Theme Thursday – Evolution of Revolution

Continuing Theme Thursday focusing on revolutions related to Hispanic Heritage month, we move to Venezuela. The Bolivarian Revolution was a leftist social movement and political process in Venezuela led by late Venezuelan president Hugo Chávez, the founder of the Fifth Republic Movement and later the United Socialist Party of Venezuela. The “Bolivarian Revolution” is named after Simón Bolívar, an early 19th-century Venezuelan and Latin American revolutionary leader, prominent in the Spanish American wars of independence in achieving the independence of most of northern South America from Spanish rule. According to Chávez and other supporters, the “Bolivarian Revolution” seeks to build a mass movement to implement Bolivarianism, popular democracy, economic independence, equitable distribution of revenues, and an end to political corruption in Venezuela. They interpret Bolívar’s ideas from a socialist perspective.

Check out some of these books on Chavez and the Bolivarian Revolution.

Venezuela: Hugo Chávez and the decline of an “exceptional democracy”

Hugo Chávez: Socialist for the twenty-first century

Hugo Chávez and the Bolivarian Revolution: Populism and democracy in a globalised age

Marxist thought in Latin America

In addition to print collections, the library provides access to streaming videos through several sources. This video, Venezuela: From the Inside Out, is “a voyage into Latin America’s most exciting experiment of the new millennium, exploring the history and projects of the Bolivarian Revolution through interviews with a range of its participants, from academics to farm workers and those living in the margins of Caracas. This introduction to the “revolucion bonita” (“pretty revolution”) offers in-depth interviews, unforgettable images and a lively soundtrack that will open new vistas onto this hopeful human project. As he totes his camera on bus and car trips all over Venezuela, director Clifton Ross becomes our tour guide through the Bolivarian Revolution. He sweeps us through its history and takes us to its works-in-progress on the ground. These schools, rural lending banks and cooperatives weave the fabric of Venezuela’s “Socialism of the 21st Century.” They show its failures and successes, its warp and woof. Through it all runs the frayed but unbreakable thread of a people in struggle. Ross is a freelance writer and videographer who has been reporting on revolutionary movements in Latin America for over 25 years (description taken from Kanopy).”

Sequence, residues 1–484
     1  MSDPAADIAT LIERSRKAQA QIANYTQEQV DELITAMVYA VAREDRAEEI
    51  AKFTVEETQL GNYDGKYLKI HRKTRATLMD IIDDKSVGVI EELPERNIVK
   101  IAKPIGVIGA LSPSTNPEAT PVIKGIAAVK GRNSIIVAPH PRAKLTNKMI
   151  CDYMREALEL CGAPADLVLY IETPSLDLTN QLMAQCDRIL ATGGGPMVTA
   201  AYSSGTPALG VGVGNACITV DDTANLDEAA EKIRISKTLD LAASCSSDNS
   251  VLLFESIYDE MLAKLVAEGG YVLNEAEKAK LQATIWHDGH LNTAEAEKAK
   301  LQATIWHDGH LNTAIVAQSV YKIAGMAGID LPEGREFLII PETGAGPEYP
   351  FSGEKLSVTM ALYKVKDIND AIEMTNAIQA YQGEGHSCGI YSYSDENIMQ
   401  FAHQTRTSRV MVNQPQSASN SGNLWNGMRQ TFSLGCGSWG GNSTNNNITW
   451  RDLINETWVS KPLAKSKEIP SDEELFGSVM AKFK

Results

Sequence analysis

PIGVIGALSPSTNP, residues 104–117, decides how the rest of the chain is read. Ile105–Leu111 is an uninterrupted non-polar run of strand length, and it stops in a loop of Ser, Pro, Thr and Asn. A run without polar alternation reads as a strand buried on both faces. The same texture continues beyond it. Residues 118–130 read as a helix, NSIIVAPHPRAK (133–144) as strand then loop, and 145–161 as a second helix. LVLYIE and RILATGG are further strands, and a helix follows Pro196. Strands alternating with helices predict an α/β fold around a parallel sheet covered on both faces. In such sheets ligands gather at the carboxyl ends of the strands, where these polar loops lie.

1. Here is an announcement about more resources you can get through the Library of Congress:

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